For almost 2,000 years, the Christian faith has enjoyed a steady and significant influence upon Europe, and consequently, America as well. Throughout the 20th century, however, public universities and schools began abandoning the theistic biblical worldview. Between 1960 and 2010, the wider culture completely discarded all semblance of a Christian morality in public. Then, the persecution of Christians began in the 2010s. Social observers witnessed Western culture shift from a positive view of Christian values and culture to a negative view sometime between 2011 and 2014. After centuries of general reception by the mainstream cultural institutions, Christians would henceforth be subjected to persecution at the hands of the zeitgeist.
The first major case emerged in 2006, when a Christian photographer in New Mexico was fined for refusing to participate in a homosexual “wedding” ceremony. The case was finally adjudicated in 2012, and the New Mexico Court of Appeals ruled in favor of the homosexual plaintiff—a ruling sustained by the US Supreme Court two years later. A Christian florist found herself in a similar situation in December of 2012, and a Christian family running a bakery shop in Oregon was similarly charged in January, 2013.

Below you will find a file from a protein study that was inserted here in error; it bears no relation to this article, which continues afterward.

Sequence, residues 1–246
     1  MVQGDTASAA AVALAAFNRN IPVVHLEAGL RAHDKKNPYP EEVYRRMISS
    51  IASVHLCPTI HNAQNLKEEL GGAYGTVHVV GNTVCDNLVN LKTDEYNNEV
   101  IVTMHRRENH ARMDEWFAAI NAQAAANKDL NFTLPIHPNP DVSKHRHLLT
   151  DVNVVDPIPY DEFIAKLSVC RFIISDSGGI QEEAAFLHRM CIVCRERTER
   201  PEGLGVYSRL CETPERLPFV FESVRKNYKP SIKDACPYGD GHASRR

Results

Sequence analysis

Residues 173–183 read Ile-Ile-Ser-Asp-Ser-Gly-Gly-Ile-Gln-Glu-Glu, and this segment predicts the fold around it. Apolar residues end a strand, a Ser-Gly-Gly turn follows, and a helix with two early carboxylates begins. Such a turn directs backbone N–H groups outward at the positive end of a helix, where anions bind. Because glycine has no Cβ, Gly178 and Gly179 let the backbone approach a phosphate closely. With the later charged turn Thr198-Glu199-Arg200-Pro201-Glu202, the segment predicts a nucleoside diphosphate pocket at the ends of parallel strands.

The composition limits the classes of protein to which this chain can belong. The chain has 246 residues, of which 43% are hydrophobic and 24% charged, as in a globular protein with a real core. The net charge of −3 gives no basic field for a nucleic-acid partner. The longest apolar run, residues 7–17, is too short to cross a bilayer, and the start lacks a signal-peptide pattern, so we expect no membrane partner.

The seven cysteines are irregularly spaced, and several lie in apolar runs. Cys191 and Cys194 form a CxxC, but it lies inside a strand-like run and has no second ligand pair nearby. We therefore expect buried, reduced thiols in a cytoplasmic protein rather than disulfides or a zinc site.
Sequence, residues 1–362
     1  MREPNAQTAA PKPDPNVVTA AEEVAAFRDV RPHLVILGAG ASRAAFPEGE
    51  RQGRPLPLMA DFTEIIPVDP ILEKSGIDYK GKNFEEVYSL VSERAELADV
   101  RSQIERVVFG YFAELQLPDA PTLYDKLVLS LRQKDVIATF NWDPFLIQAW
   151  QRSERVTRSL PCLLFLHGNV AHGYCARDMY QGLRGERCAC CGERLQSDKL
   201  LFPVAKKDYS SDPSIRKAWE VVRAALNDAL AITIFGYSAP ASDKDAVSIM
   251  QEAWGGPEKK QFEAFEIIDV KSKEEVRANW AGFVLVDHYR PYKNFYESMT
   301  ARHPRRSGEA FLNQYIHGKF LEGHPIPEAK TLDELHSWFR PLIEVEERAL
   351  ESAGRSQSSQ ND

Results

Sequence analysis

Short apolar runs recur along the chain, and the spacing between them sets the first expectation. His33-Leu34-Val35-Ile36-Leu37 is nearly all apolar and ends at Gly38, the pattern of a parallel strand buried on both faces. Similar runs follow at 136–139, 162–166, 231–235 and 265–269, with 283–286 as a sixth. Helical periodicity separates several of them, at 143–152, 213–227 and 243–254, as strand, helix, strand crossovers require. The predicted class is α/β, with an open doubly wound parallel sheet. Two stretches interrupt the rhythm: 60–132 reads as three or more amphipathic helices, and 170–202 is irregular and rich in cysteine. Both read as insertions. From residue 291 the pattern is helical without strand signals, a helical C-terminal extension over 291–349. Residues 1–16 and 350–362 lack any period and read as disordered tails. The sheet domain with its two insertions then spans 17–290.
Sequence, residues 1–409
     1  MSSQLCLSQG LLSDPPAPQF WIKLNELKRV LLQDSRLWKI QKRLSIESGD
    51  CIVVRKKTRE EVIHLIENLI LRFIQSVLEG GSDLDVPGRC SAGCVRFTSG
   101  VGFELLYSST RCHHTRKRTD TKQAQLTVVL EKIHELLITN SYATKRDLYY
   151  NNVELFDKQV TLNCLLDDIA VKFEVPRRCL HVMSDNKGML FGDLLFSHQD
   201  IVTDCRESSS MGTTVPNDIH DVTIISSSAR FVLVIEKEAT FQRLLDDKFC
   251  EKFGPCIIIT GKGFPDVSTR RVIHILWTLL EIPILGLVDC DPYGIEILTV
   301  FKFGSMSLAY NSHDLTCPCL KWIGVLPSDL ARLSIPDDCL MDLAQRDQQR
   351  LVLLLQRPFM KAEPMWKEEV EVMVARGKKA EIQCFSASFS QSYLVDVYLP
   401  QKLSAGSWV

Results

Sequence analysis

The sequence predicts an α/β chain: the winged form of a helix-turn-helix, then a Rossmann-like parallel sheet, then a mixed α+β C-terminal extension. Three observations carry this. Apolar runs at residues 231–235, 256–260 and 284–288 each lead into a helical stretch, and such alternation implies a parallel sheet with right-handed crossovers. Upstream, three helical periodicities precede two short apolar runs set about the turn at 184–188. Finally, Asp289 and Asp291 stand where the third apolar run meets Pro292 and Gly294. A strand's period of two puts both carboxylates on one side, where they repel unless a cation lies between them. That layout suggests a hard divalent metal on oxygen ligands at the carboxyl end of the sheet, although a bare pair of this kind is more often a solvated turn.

Persecution is on the rise all over the world, and American believers are beginning to experience more and more what it is like to be “pilgrims in a strange land.” The Cato Institute concluded that Christianity is the most persecuted religion, facing martyrdoms, imprisonment, and various forms of harassment in 145 countries now.
During the 1980s and 1990s, conservative or evangelical Christians still imagined they were “on a roll” in politics. They called themselves the “moral majority” and the “Christian coalition.” Cultural warrior, Dr. James Dobson was speaking to 220 million people on a daily basis, on over 7,000 radio stations. The “good doctor” was reduced to an audience of 300 radio stations in 2010.